President Attempts To Disenfranchise Thousands Of Voters By Premature Declaration Of Victory

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President Attempts To Disenfranchise Thousands Of Voters By Premature Declaration Of Victory

Extremely early on Wednesday, President Trump declared victory in the presidential race against Democratic nominee Joe Biden even as millions of votes were still being counted across multiple states and the president said he would be going to the Supreme Court in an attempt to stop ballot counting.
Trump pledged to take the matter to court to stop the counting of votes, an statement that immediately drew strong criticism from media observers and seemed sure to further tear at an already badly divided nation.
Trump claimed that he had won states like Georgia, North Carolina and Michigan despite there still being tens of thousands of ballots still outstanding.
No media outlet had called a winner in those states, no election officials have declared a winner and Democratic presidential nominee Joe Biden may still overtake Trump on the strength of mail ballots that are still being counted in Michigan and Wisconsin.
“This is a fraud on the American public. This is an embarrassment to our country. We were getting ready to win this election. Frankly, we did win this election,” Trump said in remarks from the East Room of the White House.
“This is a very big moment. This is a major fraud on our nation. We want the law to be used in a proper manner. So we’ll be going to the U.S. Supreme Court. We want all voting to stop. We don’t want them to find any ballots at four o’clock in the morning and add them to the list. It’s a very sad moment,” Trump continued.
Trump contradicted himself at times, arguing votes should still be counted in Arizona, where he is trailing, but not in states where he is leading.
VP Pence, spoke shortly after Trump, described them as “on the road to victory,” a notable shift from the president’s own remarks.
The president’s remarks drew rebukes from even some of his allies.
Former New Jersey Governor Chris Christie, an informal adviser to the president, labeled Trump’s remarks a “bad strategic decision” and a “bad political decision.”
Former Senator Rick Santorum, a Republican and an ally of the president, said he was “very distressed” by what Trump had said.
“The president is prone as we all know to bluster and fits of pique, being upset about how he’s treated,” Santorum said.
Santorum thought it was fine to say he believed he had won, as Biden did earlier, but “the idea of saying, using the word ‘fraud’ ” when people were counting votes was wrong. Santorum said it was not wrong for precincts in Pennsylvania to stop counting votes for the night and resume doing so later on Wednesday.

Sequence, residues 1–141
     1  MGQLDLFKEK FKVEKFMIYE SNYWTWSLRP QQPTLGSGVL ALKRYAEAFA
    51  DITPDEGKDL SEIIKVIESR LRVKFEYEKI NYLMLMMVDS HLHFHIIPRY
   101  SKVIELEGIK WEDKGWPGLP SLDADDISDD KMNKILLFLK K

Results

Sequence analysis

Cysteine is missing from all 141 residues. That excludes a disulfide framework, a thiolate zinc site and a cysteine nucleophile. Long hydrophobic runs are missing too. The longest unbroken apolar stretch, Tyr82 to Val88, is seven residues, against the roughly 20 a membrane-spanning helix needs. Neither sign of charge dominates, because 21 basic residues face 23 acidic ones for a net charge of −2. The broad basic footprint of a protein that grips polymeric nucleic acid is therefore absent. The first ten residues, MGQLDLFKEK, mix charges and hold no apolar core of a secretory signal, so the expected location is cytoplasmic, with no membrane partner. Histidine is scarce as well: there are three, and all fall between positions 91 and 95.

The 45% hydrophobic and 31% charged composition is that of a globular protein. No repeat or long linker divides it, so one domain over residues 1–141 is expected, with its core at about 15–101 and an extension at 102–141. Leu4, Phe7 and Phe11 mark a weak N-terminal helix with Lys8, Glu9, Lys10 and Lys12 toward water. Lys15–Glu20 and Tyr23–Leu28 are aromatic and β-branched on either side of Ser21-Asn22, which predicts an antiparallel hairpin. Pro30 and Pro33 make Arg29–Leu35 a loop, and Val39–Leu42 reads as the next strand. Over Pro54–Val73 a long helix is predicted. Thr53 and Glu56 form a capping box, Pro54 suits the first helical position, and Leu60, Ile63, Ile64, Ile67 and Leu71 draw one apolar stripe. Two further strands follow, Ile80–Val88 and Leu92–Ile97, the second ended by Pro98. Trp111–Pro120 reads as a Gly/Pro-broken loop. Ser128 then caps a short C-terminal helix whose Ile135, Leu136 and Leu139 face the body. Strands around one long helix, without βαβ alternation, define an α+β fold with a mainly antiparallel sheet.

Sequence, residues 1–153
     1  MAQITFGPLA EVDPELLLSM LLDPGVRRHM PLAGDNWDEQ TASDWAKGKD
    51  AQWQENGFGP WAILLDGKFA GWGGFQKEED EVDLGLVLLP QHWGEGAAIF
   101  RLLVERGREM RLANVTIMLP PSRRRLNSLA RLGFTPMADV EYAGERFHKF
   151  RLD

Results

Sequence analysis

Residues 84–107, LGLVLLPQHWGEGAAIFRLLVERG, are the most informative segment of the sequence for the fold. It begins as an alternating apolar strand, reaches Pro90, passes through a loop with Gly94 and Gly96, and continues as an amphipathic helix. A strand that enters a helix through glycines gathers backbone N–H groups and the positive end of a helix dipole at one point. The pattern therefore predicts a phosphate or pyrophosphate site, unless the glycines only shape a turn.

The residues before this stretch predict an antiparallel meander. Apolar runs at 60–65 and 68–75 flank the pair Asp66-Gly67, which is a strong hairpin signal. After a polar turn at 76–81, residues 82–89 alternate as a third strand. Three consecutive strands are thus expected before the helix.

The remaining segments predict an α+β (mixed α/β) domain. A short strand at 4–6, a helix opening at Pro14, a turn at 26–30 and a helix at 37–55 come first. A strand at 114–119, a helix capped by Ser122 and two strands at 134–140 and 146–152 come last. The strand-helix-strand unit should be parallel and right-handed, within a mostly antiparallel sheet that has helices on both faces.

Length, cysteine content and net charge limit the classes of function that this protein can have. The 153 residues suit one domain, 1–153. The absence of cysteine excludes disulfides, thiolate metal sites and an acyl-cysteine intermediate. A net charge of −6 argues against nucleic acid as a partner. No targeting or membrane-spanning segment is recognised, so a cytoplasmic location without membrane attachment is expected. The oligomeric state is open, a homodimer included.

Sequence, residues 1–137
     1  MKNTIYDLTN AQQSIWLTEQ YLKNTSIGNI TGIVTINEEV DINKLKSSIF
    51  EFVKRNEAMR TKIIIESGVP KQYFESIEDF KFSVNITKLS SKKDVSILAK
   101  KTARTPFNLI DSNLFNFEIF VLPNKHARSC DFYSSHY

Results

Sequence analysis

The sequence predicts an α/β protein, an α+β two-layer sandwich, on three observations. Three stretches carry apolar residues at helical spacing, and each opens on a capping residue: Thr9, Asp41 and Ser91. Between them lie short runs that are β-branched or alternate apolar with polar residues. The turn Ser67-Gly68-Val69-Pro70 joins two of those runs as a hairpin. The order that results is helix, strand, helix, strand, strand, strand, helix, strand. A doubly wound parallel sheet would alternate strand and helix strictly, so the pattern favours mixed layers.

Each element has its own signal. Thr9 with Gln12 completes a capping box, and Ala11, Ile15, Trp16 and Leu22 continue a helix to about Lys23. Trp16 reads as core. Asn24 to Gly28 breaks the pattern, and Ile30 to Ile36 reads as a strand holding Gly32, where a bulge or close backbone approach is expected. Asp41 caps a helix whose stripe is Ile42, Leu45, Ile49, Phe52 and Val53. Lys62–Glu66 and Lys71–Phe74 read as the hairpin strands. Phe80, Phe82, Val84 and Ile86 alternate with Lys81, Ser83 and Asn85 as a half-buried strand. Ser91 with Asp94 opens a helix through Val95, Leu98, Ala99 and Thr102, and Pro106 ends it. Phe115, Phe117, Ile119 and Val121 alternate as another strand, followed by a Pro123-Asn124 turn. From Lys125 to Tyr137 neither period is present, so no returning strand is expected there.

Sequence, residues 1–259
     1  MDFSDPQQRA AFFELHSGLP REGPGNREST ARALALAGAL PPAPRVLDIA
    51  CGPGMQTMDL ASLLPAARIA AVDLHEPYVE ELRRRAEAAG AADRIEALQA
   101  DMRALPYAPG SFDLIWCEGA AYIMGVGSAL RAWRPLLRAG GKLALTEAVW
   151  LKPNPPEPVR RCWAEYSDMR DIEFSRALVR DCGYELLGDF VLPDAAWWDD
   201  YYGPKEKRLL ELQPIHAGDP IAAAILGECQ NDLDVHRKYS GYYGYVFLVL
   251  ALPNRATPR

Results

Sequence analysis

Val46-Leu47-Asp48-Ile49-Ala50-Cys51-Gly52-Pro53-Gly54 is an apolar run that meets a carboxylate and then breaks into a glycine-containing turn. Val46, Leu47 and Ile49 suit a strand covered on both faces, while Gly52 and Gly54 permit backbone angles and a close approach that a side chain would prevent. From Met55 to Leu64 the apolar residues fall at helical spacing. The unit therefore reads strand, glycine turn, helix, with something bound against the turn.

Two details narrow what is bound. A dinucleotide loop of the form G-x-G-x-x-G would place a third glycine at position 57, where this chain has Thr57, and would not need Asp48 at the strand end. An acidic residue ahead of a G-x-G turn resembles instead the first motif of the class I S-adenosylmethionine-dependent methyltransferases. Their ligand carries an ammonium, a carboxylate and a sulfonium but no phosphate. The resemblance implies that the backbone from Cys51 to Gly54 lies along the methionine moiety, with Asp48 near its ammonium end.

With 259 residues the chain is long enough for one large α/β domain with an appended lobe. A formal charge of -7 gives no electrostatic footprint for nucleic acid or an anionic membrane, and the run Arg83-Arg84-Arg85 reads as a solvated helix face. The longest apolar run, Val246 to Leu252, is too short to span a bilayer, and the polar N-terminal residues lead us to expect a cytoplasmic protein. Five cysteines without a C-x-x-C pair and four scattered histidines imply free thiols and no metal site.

The president and his team could not appeal their case directly to the Supreme Court, but rather would have to go through lower courts first. Trump had previously indicated he wanted Justice Amy Coney Barrett confirmed to the court in time to decide potential election disputes.
Trump is won Ohio, Florida and Texas, as well as a number of other reliably red states in the south, leaving his campaign cautiously optimistic.
A number of key battlegrounds where Trump has a lead remain undecided, including Georgia and North Carolina, and the outcome of the election appears to be coming down to the so-called blue wall states that Trump turned red in 2016 — Michigan, Wisconsin and Pennsylvania.
Trump is currently leading the vote counts in Michigan, Wisconsin and Pennsylvania, but there are still tens of thousands of votes yet to be counted. Many of those are mail ballots, which are expected to break sharply for Biden.
Trump also took a veiled shot at Fox News during his remarks for calling the state of Arizona for Biden, something other networks have not done. Trump won Arizona’s 11 electoral votes in 2016, and losing the state would represent a significant setback. Moments after Trump spoke, The Associated Press also called Arizona for Biden.
At the time of Trump’s remarks, Biden had a lead over Trump in the Electoral College. Biden delivered remarks earlier in the evening in which he expressed optimism about his path to victory.
“We feel good about where we are. We really do,” Biden said in brief remarks. “I am here to tell you tonight we believe we are on track to win this election.”
The former vice president urged voters to be “patient” and wait until the final results are tallied. It may take until later Wednesday or longer to call the race in Michigan and Pennsylvania, for instance, the latter of which has an extension on the receipt of mail ballots sent by Election Day.
“We’re going to have to be patient until the hard work tallying the votes is finished,” Biden said in Delaware.
Biden felt good about Arizona, Georgia, Wisconsin, Michigan and Pennsylvania, and noted that outlets had called Minnesota in his favor, despite Trump’s hopes to flip it.
Trump spoke against a Supreme Court decision allowing the extension to receive mail ballots in Pennsylvania, claiming baselessly that it would result in cheating and incite violence. Trump has repeatedly said that ballots received after Election Day should not be counted.
“We are up BIG, but they are trying to STEAL the Election. We will never let them do it. Votes cannot be cast after the Polls are closed!” Trump tweeted shortly after Biden’s remarks. His tweet was later labeled by Twitter as containing misleading content.

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